Given the value of confidential data to answer this question, plus the need to model market outcome effects using said data, the question is best suited for the PJM Independent Market Monitor. That said, the effect of MOPR should be measured by its effect on resource allocation—its entry and exit outcomes—as well as the ramifications of price effects on market participants. It is important to keep in mind that just because a resource is mitigated under MOPR does not necessarily mean it experiences an adverse financial outcome; a resource may clear the market and receive the same revenue if MOPR does not influence the equilibrium point of the supply curve that determines the clearing price. At the same time, unmitigated generators and load can be affected by MOPR despite not being mitigated because of its price effect. The sensitivity with the change over time is heavily a function of where new resource entry falls on the supply curve, considering the grandfathering provisions of Expanded MOPR.

(5) Does PJM’s Expanded MOPR affect states’ willingness to remain in PJM’s capacity market? Does the Expanded MOPR compel states to choose between relying on PJM’s capacity market to meet their resource adequacy needs and achieving state policies? If so, how? Which states are relying on or are considering relying on PJM’s Fixed Resource Requirement (FRR), rather than the PJM’s capacity market, as a result of the Expanded MOPR and why?

It is no secret that PJM’s Expanded MOPR was a poison pill for state-FERC and state-PJM relations. State utility commissioners from five PJM states were “all highly critical” of Expanded MOPR within two months of FERC’s December 2019 Expanded MOPR ruling.[3] Jason Stanek, the Chairman of the Maryland Public Service Commission, saw Expanded MOPR as the leading cause of state-federal tension reaching an all-time high.[4] His view is particularly noteworthy considering his long history of public service at the FERC.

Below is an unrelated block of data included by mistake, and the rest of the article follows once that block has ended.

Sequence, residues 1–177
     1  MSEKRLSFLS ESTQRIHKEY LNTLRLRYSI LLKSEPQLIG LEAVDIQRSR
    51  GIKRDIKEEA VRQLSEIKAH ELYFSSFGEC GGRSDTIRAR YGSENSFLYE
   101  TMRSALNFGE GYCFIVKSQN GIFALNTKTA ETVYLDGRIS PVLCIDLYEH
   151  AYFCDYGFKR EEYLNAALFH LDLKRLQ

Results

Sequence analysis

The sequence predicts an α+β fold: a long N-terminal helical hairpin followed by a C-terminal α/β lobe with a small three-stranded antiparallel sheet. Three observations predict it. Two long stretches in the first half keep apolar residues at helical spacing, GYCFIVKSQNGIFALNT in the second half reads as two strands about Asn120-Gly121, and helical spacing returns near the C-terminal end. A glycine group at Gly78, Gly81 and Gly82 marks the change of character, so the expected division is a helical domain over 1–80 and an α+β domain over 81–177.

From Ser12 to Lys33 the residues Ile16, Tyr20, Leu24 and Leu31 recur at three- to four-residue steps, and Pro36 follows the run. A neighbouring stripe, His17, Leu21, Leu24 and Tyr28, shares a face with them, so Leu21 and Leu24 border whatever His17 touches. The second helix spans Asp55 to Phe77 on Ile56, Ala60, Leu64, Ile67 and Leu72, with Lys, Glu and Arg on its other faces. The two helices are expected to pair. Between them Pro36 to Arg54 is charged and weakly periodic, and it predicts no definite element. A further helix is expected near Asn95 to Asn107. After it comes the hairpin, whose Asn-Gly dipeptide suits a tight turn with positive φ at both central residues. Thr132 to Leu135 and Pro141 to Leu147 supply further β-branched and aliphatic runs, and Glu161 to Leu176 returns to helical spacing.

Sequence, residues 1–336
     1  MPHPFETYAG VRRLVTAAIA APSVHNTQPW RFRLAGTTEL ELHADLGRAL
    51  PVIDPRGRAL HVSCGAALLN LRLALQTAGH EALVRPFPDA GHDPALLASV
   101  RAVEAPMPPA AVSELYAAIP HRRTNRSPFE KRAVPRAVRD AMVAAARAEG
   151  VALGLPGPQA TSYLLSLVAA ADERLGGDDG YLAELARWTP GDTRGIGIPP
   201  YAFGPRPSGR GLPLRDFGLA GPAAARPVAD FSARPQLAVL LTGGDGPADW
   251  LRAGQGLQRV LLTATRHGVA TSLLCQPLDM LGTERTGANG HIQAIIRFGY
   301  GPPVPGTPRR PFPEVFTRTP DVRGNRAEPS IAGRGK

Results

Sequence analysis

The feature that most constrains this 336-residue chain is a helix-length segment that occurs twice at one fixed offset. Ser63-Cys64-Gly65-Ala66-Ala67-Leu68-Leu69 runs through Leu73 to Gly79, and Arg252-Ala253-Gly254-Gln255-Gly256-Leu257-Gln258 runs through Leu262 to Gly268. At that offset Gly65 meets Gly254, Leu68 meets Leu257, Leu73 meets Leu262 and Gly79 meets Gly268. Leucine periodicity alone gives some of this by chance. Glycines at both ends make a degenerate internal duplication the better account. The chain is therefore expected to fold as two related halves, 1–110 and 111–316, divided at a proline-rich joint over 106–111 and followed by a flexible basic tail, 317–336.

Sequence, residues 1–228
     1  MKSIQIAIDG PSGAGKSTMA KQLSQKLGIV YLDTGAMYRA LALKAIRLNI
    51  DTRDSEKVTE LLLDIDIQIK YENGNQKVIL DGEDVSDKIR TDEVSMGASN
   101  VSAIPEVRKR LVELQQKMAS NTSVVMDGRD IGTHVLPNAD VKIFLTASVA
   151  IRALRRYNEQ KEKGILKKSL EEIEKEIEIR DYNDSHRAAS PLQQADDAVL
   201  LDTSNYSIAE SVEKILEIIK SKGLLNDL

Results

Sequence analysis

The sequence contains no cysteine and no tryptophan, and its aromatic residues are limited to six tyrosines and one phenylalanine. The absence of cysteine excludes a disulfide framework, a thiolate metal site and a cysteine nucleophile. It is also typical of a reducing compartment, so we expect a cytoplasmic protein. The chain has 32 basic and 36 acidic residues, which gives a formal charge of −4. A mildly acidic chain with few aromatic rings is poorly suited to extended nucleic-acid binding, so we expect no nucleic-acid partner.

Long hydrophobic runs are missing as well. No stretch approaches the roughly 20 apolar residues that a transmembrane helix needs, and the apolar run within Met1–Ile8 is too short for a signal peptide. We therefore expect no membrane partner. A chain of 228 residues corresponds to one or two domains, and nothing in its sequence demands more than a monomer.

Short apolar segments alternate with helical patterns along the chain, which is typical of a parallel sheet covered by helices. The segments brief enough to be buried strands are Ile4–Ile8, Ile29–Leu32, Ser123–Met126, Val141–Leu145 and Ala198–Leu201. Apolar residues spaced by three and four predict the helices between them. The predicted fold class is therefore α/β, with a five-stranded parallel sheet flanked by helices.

Expanded MOPR imposed an “unbearable ultimatum to states” by forcing states to choose between relying on PJM’s capacity market to achieve resource adequacy and have their state subsidies “mitigated”, or retain “unmitigated” state subsidies and exit the organized capacity construct.[5] This prompted states like Maryland, New Jersey, and Illinois to explore legislative or regulatory vehicles to avoid MOPR via the FRR provision.[6] Some proponents of “energy-only” resource adequacy saw this as an opportunity to force the demise of capacity markets and “upgrade” market paradigms. However, as states began examining FRR options it became clear that the most likely outcome was a “downgrade” like leaving PJM and/or reverting to utility-led procurement. This prompted clean and advanced energy advocates, who oppose Expanded MOPR, to encourage states to only consider FRR as a last resort.[7]

After the cold weather events of February 2021, the hope of “energy-only” advocates to stoke “Texas envy” in the markets under FERC oversight quickly vanished for political purposes, not on the economic merits. These developments have occurred in parallel with a growing concern over resource adequacy in cost-of-service footprints given the evolving generation mix. Such concerns are evidenced by the need for “sufficiency tests” in the CAISO EIM, the basis of MISO’s Reliability Initiative and SPP leadership seeing a need for a more coordinated regional approach to resource adequacy. These regional developments are consistent with the last half decade of research on resource adequacy: “[f]or regions committed to capacity planning, the advantage of using markets grows with the advent of emerging technologies.”[8] Now that all FERC regions are unquestionably committed to using capacity constructs that are either procured with state oversight or in central markets, the new resource adequacy imperative is to embrace competitive power in better regional capacity constructs.

(6) Please explain whether the implementation of PJM’s Expanded MOPR has led or may lead to unforeseen impacts, including those enumerated below:

a. Several panelists at the conference noted the potential for greater use of the FRR construct as a result of the Expanded MOPR. Please explain any potential impacts or concerns from an increased reliance on PJM’s FRR construct in this manner (e.g., adverse impacts on capacity prices in PJM in zones that remain in the market, the reduced ability to ensure resource adequacy, etc.).

See answer to question 5.

(7) What are the benefits of the Expanded MOPR? Please explain.